With two newly elected members and an evolving political landscape, Asheville City Council’s annual retreat at The Collider Feb. 15-16 reflected a shifting mindset about what issues the city should tackle in the coming years.
The mayor of Asheville announced the departure of City Manager Gary Jackson at a City Council meeting that also addressed the city’s effort to create a commission focused on racial equity and its opposition to an NCDOT plan to widen Merrimon Avenue.
The city of Asheville is poised to formally express its displeasure with the N.C. Department of Transportation’s plan to widen Merrimon Avenue. At its Feb. 13 meeting, City Council will consider a resolution to reject the DOT’s plan to widen the street and ask staff to work with DOT to come up with alternatives.
“I know tourism is important to the local economy, but considering the low wages generated by tourism, I think City Council should do more to improve the lives of Asheville citizens.”
Asheville recycled 590 pounds of trash per household per year in fiscal year 2016-17, the highest rate among North Carolina cities. But when you throw your commingled recyclables in the blue bins, where do they go? How does single-stream recycling work? Does it work? Xpress takes an inside look.
Is it possible that some engineers from the NCDOT’s Division 13 office noticed their ears were burning on the evening of Jan. 23? While neighbors met in North Asheville to plan a push opposing what they see as rushed and inappropriate plans for widening a portion of Merrimon Avenue, City Council members decried the NCDOT’s lack of engagement and directed staff to develop a statement outlining the city’s concerns.
At its Jan. 23 meeting, Asheville City Council could formally accept an investment of $4.6 million from the Buncombe County Tourism Development Authority to help complete the southern section of the the River Arts District Transportation Improvement Project.
New rules adopted by the city of Asheville on Jan. 9 will severely limit where short-term vacation rentals are allowed. The decision came relatively swiftly and was not without debate over the best way to balance tourism with a need for housing.
Sweeping changes to Asheville’s zoning code could make it much harder for property owners to rent out whole units for periods of less than a month. City Council will vote on the restrictions on short-term vacation rentals at its Jan. 9 meeting.
Asheville took a big step down the road to limiting short-term rentals after the city’s Planning and Zoning Commission recommended approval of an amendment to the city’s zoning code on Jan. 3.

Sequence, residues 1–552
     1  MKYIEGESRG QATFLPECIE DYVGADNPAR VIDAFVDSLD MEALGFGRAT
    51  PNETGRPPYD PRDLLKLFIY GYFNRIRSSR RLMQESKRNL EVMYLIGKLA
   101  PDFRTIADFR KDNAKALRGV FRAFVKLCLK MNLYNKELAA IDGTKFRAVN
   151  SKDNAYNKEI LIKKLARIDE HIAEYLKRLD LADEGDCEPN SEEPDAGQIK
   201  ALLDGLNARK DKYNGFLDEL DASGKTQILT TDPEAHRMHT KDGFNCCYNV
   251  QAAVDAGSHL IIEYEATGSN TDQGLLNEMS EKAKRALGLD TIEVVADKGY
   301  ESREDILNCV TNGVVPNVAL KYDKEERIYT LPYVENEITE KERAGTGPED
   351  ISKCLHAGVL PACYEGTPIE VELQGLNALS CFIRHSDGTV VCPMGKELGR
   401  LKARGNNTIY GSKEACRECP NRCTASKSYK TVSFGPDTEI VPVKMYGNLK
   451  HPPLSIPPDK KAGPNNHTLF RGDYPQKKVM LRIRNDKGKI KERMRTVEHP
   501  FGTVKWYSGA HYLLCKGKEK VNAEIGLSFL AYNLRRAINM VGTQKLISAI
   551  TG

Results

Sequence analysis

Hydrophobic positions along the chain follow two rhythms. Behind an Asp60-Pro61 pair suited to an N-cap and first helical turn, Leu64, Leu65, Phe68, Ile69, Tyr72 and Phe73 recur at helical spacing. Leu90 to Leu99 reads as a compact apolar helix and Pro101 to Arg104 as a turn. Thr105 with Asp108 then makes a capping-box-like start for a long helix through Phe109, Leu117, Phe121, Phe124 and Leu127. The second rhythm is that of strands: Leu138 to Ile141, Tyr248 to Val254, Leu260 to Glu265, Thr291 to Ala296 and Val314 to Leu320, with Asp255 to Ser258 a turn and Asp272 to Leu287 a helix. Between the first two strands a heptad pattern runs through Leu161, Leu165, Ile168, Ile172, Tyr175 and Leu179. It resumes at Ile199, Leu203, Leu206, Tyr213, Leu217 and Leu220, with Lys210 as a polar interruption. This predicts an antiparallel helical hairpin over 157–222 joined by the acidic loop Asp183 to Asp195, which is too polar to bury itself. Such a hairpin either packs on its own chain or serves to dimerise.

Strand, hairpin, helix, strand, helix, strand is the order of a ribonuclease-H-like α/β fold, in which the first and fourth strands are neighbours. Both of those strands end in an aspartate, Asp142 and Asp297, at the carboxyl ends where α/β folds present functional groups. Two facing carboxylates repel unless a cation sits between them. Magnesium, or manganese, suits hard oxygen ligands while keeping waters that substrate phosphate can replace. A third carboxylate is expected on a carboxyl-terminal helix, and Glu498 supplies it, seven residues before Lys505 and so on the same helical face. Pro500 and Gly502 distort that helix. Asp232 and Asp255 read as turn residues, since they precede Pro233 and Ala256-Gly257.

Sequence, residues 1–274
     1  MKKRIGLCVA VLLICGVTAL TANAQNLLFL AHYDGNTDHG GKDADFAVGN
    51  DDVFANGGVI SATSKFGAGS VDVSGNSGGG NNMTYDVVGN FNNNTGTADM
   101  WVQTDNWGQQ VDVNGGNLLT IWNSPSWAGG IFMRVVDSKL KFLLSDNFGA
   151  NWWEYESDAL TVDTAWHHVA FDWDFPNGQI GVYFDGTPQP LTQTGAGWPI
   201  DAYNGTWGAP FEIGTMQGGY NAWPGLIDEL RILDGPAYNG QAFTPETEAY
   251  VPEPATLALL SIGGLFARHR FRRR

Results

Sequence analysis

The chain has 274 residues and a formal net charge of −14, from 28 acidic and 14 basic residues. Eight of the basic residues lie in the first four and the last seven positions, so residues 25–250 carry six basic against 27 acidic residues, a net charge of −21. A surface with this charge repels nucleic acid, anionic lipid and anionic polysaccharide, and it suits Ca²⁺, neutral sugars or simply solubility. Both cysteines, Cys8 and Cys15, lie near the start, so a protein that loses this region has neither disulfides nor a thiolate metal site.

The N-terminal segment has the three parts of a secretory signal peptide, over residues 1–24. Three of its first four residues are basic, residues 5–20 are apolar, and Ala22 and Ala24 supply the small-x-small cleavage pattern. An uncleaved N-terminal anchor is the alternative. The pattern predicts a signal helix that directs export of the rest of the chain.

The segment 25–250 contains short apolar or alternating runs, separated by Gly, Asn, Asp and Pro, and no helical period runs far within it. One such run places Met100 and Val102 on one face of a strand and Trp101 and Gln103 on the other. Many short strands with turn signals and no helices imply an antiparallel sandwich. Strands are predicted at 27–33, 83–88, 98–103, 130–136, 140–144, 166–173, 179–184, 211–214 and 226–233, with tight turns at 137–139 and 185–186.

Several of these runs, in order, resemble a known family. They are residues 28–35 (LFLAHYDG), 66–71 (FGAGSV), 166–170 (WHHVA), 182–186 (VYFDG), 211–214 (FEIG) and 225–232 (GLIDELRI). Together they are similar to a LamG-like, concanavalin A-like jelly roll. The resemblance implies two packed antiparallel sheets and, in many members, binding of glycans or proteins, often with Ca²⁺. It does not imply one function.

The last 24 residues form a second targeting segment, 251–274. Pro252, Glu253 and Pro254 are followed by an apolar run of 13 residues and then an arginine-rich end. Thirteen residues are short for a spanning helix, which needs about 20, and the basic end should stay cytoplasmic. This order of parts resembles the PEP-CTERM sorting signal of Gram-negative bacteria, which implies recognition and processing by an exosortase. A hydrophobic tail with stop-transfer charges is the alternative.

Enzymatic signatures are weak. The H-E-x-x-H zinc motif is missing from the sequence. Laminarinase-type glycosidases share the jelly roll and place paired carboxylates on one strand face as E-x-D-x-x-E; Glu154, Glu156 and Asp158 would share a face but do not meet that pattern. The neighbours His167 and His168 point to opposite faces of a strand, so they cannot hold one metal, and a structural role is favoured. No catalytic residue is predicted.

On Tuesday, Asheville City Council approved the creation of an audit committee, which will review the city’s internal audit reports and financial statements audit. Mayor Esther Manheimer said the move was a response to community interest in local governments improving their financial procedures.
A relatively light agenda for the Dec. 19 Asheville City Council meeting includes items on a proposed audit committee, new rules for food trucks at 68 Haywood St. and guidelines to promote affordable housing at the city’s Cedar Hill property.
“As a progressive city with a ‘food destination’ reputation, it is our responsibility to make an equitable food system a goal and to make food policy and programs a high priority across city departments.”
Asheville welcomed its most diverse City Council in history, as new and re-elected Council members took the oath of office on Dec. 5 at City Hall in front of a packed chamber of family, friends and supporters.
Coming on the heels of the city blocking short-term rentals in the River Arts District, City Council voted against allowing such lodging throughout the Haywood Road corridor. At its Nov. 28 meeting, City Council placed heavy restrictions on lodging along Haywood Road in West Asheville, specifically targeting whole-unit short-term rentals such as those offered through Airbnb.
For the second meeting in a row, City Council will consider whether to allow whole-house, short-term rentals in a neighborhood covered by a form-based zoning code. On Nov. 28, it will take a close look at STRs in the area around Haywood Road.
Let’s talk turkey: This week’s issue of Mountain Xpress is perfect for your post-meal perusal. Check out stories on Thanksgiving, fun things to do, an innovative program aimed at helping inmates re-enter society, an update on air quality and a whole lot more. Until then, check out some of our top stories from last week.
Asheville finds itself confronting a slew of pressing and interrelated issues — short-term rentals, gentrification, parking, affordable housing — and many of them got hashed out at City Council this week. Council approved a new zoning code for the River Arts District as well as a 133-unit apartment complex.
Asheville City Council could finally make a decision on approving a new form-based zoning code for the River Arts District at its Nov. 14 meeting. It is also slated to hear a proposal for the 133-unit Stoneyard Apartments project.
Asheville voters turned out in relatively high numbers on Tuesday, Nov. 7 to reelect two incumbents and significantly increase the diversity of City Council.